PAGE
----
This looks really good. How many darn good conferences are in England this coming year?
Professor David Scott, Columbia University, NY
Professor Demetrius Eudell, Wesleyan University, CT
In the context provided by Paul Gilroy’s configuration of the black Atlantic as a counterculture to modernity, this symposium is the first in a series seeking to re-examine the Atlantic as a locale for the emergence of modernism. Over the period 2010–12, we hope to consider the centrality of black folk, artists, writers, intellectuals, social scientists, musicians, as core members of the modernist avant-garde, and of “blackness” as a key representative and political category in the work of other modernists. We begin from a formulation of modernism as a heterogenous cluster of responses to locally specific experiences of modernity, rather than as a qualitative set of aesthetic indicators privileging formal innovation over political rhetoric. In doing so, we hope to enable further discussion of a widening spectrum of modernist languages in which the experience of modernity is delineated and inscribed.
The symposium addresses the interactions, exchanges, conflicts, and collaborations occurring across the French and Anglo Atlantic, and within experienced and imagined spaces of blackness, in the period 1907–61. We begin therefore with Picasso’s masked Demoiselles, and end with the publication of Fanon’s radical rejection of western colonialism in Les damnés.
The aims of the symposium are fourfold:
First, it seeks to stage a re-encounter with avant-garde aesthetic, political and social practice in the context of black responses to modernity across the French and Anglo Atlantic.
Second, it explores the emergence of new disciplines or schools, and underexplored interdisciplinary relationships in the human sciences that may have effected or at least contributed to the formal innovation or “newness” considered so characteristic of modernism.
Third, it takes Perry Anderson’s claim that one of the indispensible co-ordinates for locating modernism is its “proximity to social revolution” and resituates it in the context of an anti-colonial avant-garde operating across the Atlantic in the inter- and postwar years.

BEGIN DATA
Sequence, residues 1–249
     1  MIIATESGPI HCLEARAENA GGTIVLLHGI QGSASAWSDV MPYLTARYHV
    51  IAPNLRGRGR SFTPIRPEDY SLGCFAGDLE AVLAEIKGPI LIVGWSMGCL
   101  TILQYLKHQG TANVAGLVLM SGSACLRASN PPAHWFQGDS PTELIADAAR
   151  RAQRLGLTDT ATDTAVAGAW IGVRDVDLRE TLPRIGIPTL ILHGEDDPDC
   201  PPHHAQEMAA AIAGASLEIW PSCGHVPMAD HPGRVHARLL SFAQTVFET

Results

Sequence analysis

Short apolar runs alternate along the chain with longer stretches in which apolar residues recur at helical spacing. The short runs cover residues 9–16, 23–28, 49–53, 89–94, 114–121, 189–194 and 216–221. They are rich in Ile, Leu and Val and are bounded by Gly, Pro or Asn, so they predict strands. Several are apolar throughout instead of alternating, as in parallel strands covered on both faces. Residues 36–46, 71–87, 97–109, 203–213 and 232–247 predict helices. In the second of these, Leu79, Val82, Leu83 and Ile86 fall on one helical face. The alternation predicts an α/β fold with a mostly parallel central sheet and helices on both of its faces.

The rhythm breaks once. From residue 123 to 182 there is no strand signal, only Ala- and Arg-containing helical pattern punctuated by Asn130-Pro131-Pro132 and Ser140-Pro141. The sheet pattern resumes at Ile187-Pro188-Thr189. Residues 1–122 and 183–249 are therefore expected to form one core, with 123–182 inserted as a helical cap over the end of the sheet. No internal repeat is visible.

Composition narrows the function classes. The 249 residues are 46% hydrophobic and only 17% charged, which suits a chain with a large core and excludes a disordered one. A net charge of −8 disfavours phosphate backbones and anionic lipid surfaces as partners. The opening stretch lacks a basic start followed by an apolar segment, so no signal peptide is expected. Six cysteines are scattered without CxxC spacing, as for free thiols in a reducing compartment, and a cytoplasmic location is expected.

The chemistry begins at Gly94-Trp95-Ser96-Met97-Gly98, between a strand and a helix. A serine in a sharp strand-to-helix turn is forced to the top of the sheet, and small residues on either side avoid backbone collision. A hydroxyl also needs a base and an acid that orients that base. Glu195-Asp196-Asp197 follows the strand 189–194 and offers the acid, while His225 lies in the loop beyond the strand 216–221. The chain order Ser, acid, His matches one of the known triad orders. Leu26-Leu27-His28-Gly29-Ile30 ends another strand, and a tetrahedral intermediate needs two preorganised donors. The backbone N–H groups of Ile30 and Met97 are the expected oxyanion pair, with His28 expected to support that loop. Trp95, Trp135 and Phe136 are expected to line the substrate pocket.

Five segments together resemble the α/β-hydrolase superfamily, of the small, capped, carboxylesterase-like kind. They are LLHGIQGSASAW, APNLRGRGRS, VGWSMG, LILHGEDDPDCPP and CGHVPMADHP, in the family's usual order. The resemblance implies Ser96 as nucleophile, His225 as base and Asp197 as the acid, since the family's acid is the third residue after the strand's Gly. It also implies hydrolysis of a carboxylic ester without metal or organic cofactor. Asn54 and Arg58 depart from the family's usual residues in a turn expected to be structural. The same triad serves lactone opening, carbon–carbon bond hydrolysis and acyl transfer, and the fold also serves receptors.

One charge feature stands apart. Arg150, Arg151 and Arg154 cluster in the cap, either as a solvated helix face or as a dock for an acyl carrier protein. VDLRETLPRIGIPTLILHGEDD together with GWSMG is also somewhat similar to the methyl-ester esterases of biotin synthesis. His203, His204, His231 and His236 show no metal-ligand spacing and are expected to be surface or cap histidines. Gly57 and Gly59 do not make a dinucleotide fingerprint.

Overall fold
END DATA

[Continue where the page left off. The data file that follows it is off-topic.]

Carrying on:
Fourth, it considers the degree to which a variety of actors operating from what might be termed “alternative” or “displaced” metropoles interacted to produce, in Jameson’s terms, an “active sense” of the history of modernity, one in which a black presence was of key aesthetic, political and cultural importance.
Individual papers and proposals, in English, for panels addressing any aspect of the interrelationship between Afromodernism and the French and Anglo-Atlantic worlds are invited from, but not limited to, the disciplines of literature, anthropology, history, art history, philosophy, music, or combinations of these; and concerning regions including but not limited to: Africa, the Caribbean, insular and continental Europe, Canada, the United States, Latin America. Teaching or curating panels and papers are also welcomed.
Topics might include:
The Harlem Renaissance/New Negro; Performance and/of blackness; Expressionism; fascism;
exoticism; the tropics; ethnographic fieldwork narratives/collections; the WPA; négritude; negrophilia; World War 1; configurations of the Black Atlantic; masking; marxism and modernity; World War 2; primitivism; folk and established religious expression; jazz; blues; surrealism; Boasian anthropology; tragedy; Windrush; aesthetic politics; drumming; new histories; revisionist historiography; beauty; comedy; revolution and anticolonialism; myth; reaction; gender and modernity; nationalism; the metropole(s); psychoanalysis; science and relativism; positivism; migration and/or displacement; civilization; degeneration.
Fionnghuala Sweeney (email: email@example.com) or Kate Marsh (email: firstname.lastname@example.org)
Deadline for submission: Thursday, 21 January 2010.
Conference website: http://www.liv.ac.uk/soclas/conferences/Afromodernism/index.htm.